way to do it differently. She was a very talented businesswoman in addition. It
was Potter who designed and patented the first “Peter Rabbit” doll, made up a Board
Game based on the Tale of Peter Rabbit, designed figurines, wall papers,
tea sets and even hot water bottles and had them manufactured to her rigorous specifications.
By the time she stopped writing and turned to full time sheep raising and conservation,
she oversaw an empire of merchandise based upon her Tales.

What I love about her most I think is her imagination. Her love of fantasy, her
ability to see whimsy in situations, to find humor in animal behavior and in human
society – even stuffy Victorian society – and to imagine the natural world and its
creatures in ways that even today make us understand a larger truth. Her imagination
was key to her resilience in her personal life, especially as a young woman living
in a difficult time and household. Her imagination gained her fame and fortune as
a writer and artist. Finally her imagination enabled her to see that the fragile
environment of the Lake District of northern England could be lost if others did
not act to save it from development and preserve its agrarian character. She was
a woman ahead of her time in almost every way, yet very much a product of her generation.

What was one of the best things that happened because of this book?

There were two wonderful things that happened: first, my husband and I were able
to travel all over southeastern Scotland and the current area of the Lake District
now known as Cumbria, Westmoreland and Norfolkshire. We found all the homes, save
her home in London which was destroyed in the war, that Potter lived in or vacationed
in. We visited all the farms she owned, the Tarns that she loved and all the lakes.
It was essential to me as a writer who needs to absorb the actual places and landscapes
to write about them. A life is deeply impacted by place and one’s sense of place.
This was crucial when it came to understanding Beatrix Potter, where she lived and
what she loved.

The second thing was the friends I made as I travelled and did research in the UK
and Scotland. Archivists, local shop keepers, people who lived around the Lakes,
farmers, sheep herders, especially the National Trust employees who farm her land
and keep her flocks. I even held a baby Herdwick in my arms at one of Potter’s NT
farms! What a thrill.

The members of the Beatrix Potter Society, a membership Society open to anyone interested
in Potter’s life and work, were essential in helping me not only find material,
but in interpreting it for an American audience. I learned how to write exclusively
in British spelling, and my Editor was delighted to tell me that no one could have
known I was an American! I think that was a compliment

Perhaps best of all were the personal friends I made, the young editor who became
my London research assistant and the passionate Potter collectors and scholars who
shared their knowledge and their collections, and whom I count among my closest
friends today.

What was the hardest part of your job and why?

The hardest part for most writers is the writing itself. The discipline required
day after day to stare at a blank page on the computer and turn out a daily quota
of words or pages. The research for me is the most fun. It is also the part that
is hardest to stop, and to gain discipline over. I employed a former student who
is a professional archivist to help me organize over twenty boxes of notes, research
materials and computer records. Those materials are now open to researchers at the
Linda Lear Center at Connecticut College in New London, Ct.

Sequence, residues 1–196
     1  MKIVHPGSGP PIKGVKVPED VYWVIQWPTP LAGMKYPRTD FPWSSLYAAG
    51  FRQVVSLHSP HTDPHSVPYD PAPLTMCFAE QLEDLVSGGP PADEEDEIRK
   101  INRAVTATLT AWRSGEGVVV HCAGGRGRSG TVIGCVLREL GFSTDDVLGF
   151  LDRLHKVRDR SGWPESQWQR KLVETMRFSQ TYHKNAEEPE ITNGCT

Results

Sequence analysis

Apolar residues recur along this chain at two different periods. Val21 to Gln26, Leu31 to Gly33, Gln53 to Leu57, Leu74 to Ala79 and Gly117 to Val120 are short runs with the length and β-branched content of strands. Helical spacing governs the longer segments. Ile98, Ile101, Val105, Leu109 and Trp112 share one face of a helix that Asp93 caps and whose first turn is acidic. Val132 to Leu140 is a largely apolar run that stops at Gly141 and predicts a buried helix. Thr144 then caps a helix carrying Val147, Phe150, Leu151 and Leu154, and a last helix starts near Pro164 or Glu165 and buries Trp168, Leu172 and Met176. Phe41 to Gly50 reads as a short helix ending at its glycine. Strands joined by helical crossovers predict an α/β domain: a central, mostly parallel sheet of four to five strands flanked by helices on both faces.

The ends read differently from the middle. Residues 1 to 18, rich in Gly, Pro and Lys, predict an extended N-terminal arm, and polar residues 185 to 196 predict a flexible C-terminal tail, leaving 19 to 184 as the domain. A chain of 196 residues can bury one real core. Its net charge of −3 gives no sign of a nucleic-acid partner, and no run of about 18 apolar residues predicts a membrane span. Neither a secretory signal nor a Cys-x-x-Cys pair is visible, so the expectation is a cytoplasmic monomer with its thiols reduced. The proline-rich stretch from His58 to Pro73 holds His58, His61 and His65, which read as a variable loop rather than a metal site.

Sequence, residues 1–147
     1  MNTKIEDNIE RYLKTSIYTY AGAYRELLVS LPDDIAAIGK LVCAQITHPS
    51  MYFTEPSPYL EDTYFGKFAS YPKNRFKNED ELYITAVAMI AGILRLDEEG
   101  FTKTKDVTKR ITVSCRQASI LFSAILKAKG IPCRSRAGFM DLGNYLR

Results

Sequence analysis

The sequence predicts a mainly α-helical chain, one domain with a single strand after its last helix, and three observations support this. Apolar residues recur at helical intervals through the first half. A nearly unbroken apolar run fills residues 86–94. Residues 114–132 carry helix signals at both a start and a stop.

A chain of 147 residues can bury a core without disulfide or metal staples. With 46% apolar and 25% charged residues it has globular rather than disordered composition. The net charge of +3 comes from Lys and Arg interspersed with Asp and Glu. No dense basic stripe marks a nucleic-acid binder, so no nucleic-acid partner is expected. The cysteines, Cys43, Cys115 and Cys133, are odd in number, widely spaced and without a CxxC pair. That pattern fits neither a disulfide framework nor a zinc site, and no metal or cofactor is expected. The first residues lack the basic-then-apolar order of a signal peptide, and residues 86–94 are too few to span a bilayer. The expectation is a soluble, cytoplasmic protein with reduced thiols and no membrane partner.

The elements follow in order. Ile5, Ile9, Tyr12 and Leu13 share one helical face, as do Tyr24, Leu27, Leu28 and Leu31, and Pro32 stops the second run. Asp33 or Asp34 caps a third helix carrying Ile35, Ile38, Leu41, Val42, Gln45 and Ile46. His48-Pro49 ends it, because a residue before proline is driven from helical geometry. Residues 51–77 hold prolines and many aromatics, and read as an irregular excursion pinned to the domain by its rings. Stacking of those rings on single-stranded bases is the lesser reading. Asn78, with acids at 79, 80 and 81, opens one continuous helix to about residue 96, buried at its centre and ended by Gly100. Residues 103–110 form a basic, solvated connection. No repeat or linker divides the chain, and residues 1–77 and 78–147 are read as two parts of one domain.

We all have different styles of writing. For me it is essential to document carefully
everything I write so that I have the references correctly placed even if whole
sections never make it into the final draft. After making an outline and dividing
material into chapters, the hardest part is to get the narrative flow. I usually
try to write five pages a day, I read them aloud and then I edit them. The next
morning I read them again, and usually re-write most of them and then try to move
forward bit by bit. It is tedious but it is exciting. But it is also very lonely
work because it all comes from the writer’s mind, spirit, and ability to tell a
life. Such a writer is blessed as I am to have an understanding family.

What is the best part of your job and why?

The very best part is when the book is finally published and you can see the results
of all those years. Writing “A Life in Nature” (the original and my favourite title)
was an eight year process from the time I went to the UK until the time the book
was published by Penguin (UK) and St Martin’s Press in the US. The joy is sharing
that labor and enthusiasm with others in book talks, in public lectures, at book
clubs, on-line, and with anyone who will be kind enough to ask “what do you write,
and why did you write the life of Beatrix Potter?” Now that is a great question!

Do you collect anything?

This is a question I am rarely asked. I am an avid gardener, and I love plants.
But before I ever knew about Beatrix Potter’s paintings, I collected botanical art
– starting with Basilius Besler of Nuremberg who worked in the 17th century. And
from his famous Florilegium I branched out into 18th and 19th century botanical
artists. Having a background in horticulture helped draw me to Beatrix Potter even
more than her Little Books and and helped me to understand her life in nature.

Now some of my Potter friends in the UK have introduced me to Victorian greeting
cards, some produced by Hildesheimer and Faulkner who was Beatrix’s first publisher,
to Frederick Weatherly’s verses which she illustrated, and to some of the female
artists who were Beatrix’s contemporaries and whom she admired. So now I avidly
watch for Victorian card auctions and find this a charming addition to my writing

All the materials that I collected for the Potter biography, as well as my Victorian
card collection are donated to the Linda Lear Special Collections and Archives in
the Shain Library at Connecticut College in New London, Connecticut where I went
to undergraduate college. The Lear/Potter Collection is open to the public as well
as to students for research. I am proud to be able to share my work with others
for years to come. There is also a description
on my website: and more about my life and work at